Stanic: I think that the organization is very progressive. They were doing a lot of the right things looking to grow. Also, I tend to migrate back to faith-based entities. I like to work for faith-based organizations — Baptist is faith-based, so that was appealing to me. Also the people here, and the young leadership. I liked that. There’s a strong commitment to technology too. I knew they were going to continue to make investments at IT.
Gamble: Right. It sounds like there’s a lot of movement with the critical access hospitals and probably on the other ambulatory side as well.
Stanic: Sure is.
Gamble: For where you’re located, as far as being able to recruit and retain staff, has that been a challenge?
Stanic: That’s probably one of the bigger challenges. Here’s the way I look at it. If you’re in a place like Jackson, even though we’re the state capital, there’s not a lot of healthcare IT talent. You find folks that are very dedicated or committed to the area and you’re able to invest some training and education and they tend to stay loyal, as opposed to if you were in Atlanta, where there’s a lot of healthcare IT talent around, but there’s also a lot of healthcare IT opportunities, and so retention becomes an issue. Everybody’s in competition for the same talent pool.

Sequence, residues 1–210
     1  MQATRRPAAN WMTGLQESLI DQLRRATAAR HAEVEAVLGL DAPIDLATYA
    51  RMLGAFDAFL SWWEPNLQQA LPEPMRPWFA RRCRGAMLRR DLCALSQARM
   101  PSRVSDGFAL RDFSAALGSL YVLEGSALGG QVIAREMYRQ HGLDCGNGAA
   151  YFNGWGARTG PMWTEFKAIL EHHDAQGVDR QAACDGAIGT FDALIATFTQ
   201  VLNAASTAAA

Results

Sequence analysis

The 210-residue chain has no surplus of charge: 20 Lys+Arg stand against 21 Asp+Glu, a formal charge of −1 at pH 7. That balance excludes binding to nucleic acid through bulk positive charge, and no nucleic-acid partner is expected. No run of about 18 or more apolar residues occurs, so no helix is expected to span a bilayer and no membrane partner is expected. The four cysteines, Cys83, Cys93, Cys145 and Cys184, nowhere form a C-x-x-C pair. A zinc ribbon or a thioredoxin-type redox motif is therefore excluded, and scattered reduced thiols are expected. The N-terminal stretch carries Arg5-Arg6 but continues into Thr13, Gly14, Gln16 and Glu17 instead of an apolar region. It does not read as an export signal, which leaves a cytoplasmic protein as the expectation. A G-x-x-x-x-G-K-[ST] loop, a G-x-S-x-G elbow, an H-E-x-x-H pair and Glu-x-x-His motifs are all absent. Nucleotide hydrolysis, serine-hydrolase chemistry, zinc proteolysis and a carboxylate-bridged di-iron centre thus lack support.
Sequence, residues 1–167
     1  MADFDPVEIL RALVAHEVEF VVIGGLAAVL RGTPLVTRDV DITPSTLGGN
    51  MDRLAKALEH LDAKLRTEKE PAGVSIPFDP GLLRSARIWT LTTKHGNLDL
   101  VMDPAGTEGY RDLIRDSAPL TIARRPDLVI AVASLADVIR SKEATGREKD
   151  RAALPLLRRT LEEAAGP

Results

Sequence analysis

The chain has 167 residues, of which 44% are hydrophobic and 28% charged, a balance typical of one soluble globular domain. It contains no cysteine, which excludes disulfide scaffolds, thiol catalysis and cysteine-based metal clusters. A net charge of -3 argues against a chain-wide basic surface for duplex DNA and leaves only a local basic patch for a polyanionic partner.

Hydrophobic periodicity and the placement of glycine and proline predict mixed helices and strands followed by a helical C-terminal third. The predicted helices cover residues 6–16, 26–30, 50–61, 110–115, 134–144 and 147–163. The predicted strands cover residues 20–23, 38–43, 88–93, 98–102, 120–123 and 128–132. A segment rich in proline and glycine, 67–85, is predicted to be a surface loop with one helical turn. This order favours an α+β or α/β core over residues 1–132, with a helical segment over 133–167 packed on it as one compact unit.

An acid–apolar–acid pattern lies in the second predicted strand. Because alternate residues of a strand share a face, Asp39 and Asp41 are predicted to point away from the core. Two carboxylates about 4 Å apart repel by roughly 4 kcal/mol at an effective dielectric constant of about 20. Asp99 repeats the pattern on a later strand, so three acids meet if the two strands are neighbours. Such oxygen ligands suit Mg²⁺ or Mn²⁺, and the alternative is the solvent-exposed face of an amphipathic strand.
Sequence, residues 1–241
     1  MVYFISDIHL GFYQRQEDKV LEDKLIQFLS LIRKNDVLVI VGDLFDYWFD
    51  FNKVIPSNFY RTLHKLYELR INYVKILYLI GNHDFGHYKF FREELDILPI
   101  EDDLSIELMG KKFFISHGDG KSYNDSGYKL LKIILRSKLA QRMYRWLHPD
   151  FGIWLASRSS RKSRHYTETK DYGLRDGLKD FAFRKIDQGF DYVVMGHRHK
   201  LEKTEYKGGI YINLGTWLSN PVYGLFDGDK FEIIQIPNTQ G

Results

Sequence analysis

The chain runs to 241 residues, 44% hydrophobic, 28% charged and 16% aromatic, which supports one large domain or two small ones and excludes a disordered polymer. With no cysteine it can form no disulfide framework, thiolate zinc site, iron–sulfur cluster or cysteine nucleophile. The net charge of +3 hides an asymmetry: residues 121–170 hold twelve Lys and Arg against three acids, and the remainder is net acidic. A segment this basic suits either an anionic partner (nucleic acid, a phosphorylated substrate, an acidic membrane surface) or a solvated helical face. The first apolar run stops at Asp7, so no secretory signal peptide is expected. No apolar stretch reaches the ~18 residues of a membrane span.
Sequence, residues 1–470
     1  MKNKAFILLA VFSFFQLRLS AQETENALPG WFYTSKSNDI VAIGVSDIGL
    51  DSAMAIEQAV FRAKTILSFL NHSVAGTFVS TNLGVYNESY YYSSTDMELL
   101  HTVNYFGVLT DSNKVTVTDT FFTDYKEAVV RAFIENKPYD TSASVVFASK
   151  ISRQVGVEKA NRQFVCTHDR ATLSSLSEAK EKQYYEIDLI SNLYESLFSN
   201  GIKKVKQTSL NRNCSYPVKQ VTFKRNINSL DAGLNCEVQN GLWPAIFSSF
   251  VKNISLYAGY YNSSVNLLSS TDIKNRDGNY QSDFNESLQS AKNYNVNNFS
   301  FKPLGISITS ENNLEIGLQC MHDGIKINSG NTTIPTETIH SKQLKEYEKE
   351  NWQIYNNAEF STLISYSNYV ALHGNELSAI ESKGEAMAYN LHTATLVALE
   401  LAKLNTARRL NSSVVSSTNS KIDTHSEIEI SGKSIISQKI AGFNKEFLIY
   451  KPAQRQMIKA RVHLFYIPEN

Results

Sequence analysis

In Jackson and Savannah, you find folks that were dedicated to the area and willing to invest in learning a new skill set or learning the skills to stay in that area and keep with the organization. So I wouldn’t say it’s ‘pick your poison,’ but pick your path. There are challenges everywhere. I think that that also, regardless of what kind of situation you’re in, ebbs and flows with the economy and IT. A couple of years ago, there was an abundance of IT talent because the economy wasn’t there, but once that picks up, it’s hard to find talent anywhere.
Gamble: Definitely. I guess the other thing that might be tough is that with the pace of things right now and everything that needs to be done, I can imagine it’s a tough position to be in to keep people happy and keep them from being too overburdened.